Fork Creek Mill Rd was a labor -- for me, not Bob.  I climbed the mile up into Seagrove using my 30/23 -- the 30/25 seemed too easy -- I had some hope that perhaps my legs were recovering during the ride.

We took a LONG lunch break in Seagrove.  I ate the entire Big Bag Lunch and was playing for leg-recovery time.  We finally left the control and headed back toward Siler City.  Bob was riding easy.  It was all I could do to keep the pedals turning.

There was one bright spot for me -- on the last half-dozen miles on Snow Camp Rd, heading toward Snow Camp, I found cadence and zip and caught up to and passed Bob and led all the way to the control.  The mostly tailwind may have helped; the easy slopes certainly are always to my liking.

Bob and I chatted and ate and drank a bit at Snow Camp; then he headed for home (about 15 miles from Snow Camp) and I headed back along the route toward Morrisville.  I will now turn the story over to an email [with just a few edits] that I sent Bob (and Alan) a day or two after the ride.

Hey, Bob (& Alan) -- now for the rest of the story

I left Snow Camp @ 8:15.  The excellent cadence that I had managed the last six miles into Snow Camp did not re-emerge.  The steep rollers on the Old Greensboro Highway took care of that, and the following roads of the course are not as "Martin friendly" as Snow Camp Rd is.  

I had to keep stopping to check my tail-light.  I would stop at every stop sign to check to see if it was still on.  Mostly, it wasn't.  It is bright, but is prone to jiggling loose "inside;" an adjustment to the cover brings it back on, but ... .  Luckily. my secondary tail-light, combined with that EN-1150 visibility vest resulted in very respectful traffic all the way back.  I did finally get the main tail-light adjusted more or less perfectly as it stayed on continuously from Farrington Point to Alan's (and again from Alan's to north Raleigh).  

I don't know what time I got to Frosty's, but I stopped there to put on knee warmers, glove liners, and my shell.  I had been cold for quite some time.  The additional clothes helped.  I thought about swapping to the clean jersey, but I had so much stuff in the jersey pockets that I didn't want to have to deal with getting everything into place, so I stayed with the somewhat sweaty faded blaze orange jersey.  I left Frosty's thinking I might still finish at around 1 am.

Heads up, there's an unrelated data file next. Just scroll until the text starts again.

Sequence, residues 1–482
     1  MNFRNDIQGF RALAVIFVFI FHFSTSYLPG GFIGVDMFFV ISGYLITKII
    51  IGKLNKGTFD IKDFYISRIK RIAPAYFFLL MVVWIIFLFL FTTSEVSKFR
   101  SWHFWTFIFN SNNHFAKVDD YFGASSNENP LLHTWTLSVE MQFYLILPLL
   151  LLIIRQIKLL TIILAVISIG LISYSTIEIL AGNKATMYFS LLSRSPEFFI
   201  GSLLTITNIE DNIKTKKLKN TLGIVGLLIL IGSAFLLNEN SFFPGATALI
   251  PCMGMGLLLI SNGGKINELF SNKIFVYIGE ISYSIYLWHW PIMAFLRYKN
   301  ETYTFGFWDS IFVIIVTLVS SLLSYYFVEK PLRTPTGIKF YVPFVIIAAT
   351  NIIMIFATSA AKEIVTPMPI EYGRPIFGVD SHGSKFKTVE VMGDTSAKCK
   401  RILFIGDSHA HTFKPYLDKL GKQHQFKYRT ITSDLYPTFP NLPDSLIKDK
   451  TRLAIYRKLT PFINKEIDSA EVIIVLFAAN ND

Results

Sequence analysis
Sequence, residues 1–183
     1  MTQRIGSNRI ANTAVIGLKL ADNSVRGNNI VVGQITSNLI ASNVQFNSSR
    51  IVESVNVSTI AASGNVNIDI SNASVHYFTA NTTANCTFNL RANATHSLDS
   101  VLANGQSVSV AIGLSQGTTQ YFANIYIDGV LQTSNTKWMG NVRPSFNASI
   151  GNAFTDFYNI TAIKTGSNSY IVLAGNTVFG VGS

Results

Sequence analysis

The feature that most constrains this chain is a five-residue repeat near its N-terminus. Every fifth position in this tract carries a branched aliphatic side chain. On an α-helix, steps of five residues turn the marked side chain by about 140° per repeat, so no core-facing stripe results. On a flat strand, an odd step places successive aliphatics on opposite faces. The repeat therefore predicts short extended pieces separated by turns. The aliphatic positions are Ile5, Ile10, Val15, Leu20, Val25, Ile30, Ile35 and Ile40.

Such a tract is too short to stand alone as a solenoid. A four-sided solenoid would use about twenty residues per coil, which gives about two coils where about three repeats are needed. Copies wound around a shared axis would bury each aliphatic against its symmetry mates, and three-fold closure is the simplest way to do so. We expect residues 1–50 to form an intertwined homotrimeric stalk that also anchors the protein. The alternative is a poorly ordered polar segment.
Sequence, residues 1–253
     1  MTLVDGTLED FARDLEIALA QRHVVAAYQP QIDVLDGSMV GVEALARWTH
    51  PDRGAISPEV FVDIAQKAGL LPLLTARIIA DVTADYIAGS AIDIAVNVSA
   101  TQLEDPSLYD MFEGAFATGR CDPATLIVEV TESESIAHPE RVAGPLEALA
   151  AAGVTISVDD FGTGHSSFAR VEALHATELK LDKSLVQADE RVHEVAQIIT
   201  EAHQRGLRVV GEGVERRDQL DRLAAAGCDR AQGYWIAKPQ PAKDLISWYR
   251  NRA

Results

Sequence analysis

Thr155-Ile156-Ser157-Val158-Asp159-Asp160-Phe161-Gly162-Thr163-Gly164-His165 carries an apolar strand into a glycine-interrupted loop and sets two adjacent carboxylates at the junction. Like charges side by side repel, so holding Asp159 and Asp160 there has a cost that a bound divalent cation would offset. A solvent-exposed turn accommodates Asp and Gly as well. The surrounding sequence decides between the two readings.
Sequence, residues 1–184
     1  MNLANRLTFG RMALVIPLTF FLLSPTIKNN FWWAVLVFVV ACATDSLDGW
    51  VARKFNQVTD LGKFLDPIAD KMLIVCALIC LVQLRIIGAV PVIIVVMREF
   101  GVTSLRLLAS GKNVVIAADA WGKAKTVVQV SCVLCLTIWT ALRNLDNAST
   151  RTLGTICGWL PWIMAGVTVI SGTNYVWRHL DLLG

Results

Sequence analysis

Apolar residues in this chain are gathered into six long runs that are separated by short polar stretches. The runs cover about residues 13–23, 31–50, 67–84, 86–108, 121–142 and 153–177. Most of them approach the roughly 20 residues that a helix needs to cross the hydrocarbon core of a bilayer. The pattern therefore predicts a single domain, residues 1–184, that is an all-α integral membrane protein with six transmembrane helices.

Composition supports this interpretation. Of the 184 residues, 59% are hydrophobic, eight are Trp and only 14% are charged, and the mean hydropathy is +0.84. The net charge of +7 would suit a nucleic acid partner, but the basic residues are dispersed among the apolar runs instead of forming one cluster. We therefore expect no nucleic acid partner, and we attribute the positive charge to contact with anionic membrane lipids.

However, the wobbling about on the bike, which had been evident ever since Snow Camp, got much worse before I got to Farrington Point; therefore, I tried to take a 30-min "Martin nap" on the picnic table.  I doubt that I ever fell asleep as I could not get comfortable due to the slight, chilly breeze funneling between those two stores at Farrington. 

I left Farrington at approx 12:30 am, and had good vigor and cadence for about 100 yards.  Maybe I kept up a decent cadence all the way down to the lake to Martha's Chapel Rd.  The route from Farrington to Alan's is gentle slopes that I can usually do with little to no reduction in my speed; however, Saturday night (or Sunday morning, if you prefer), it was all I could do just to keep the pedals turning.  Hmmn, I did seem to be able to force some cadence  while on NC-55; I wanted to get that short mile DONE (even though there was not much traffic). 

I rolled up to Alan's and wrote "0152" on my card for my finish time.  I was writing in the closing time of the store in Snow Camp, or signing the card, I forget which (and I doubt I could have told you two minutes later which I was doing), when Dorothy opened the door, asked how I was doing, and then if I'd like to come in for a bit.  (I told D that I was very tired, and that going inside to sit "would be nice.")  Alan emerged a few minutes later; I think he had gone to bed; I think D has a tendency to stay up VERY LATE.  I chatted with Dorothy and mostly Alan for about 40 minutes, and then left their place at approx 2:35 am to climb up to Cary & Raleigh. 

I stopped on a business drive turn-out on Chapel Hill Rd, just before the Raleigh water tower west of NC State, I estimate about 8 miles after leaving Alan's, to slowly eat a Cliff Bar and wash it down with water.  That was the only time all day that I thought I might be getting "bonky." 
I noted that the time was 3:39 am when I rode past Hogan's house.  The cars looked to parked in exactly the same place as they had at 6:16 am Saturday morning.  

I had just turned onto Everett St (next to the Raleigh Little Theater) when this guy on a bike came whizzing around the corner and passed me on my right -- there was not a lot of extra room between me and the curb!  I yelped, and then the guy made a U-turn while saying that he was riding with me, and that was not a comforting thing.  He circled around behind me and was coming up alongside me, on my right, his breathe REEKED of alcohol as commented "peleton, now that's a French word."  The next moment he crashed, falling to his left; luckily I was just far enough ahead and going just fast enough that he did NOT fall into me!  Sprawled on the road, the drunk says "I'm not coming with you."  Thank goodness!!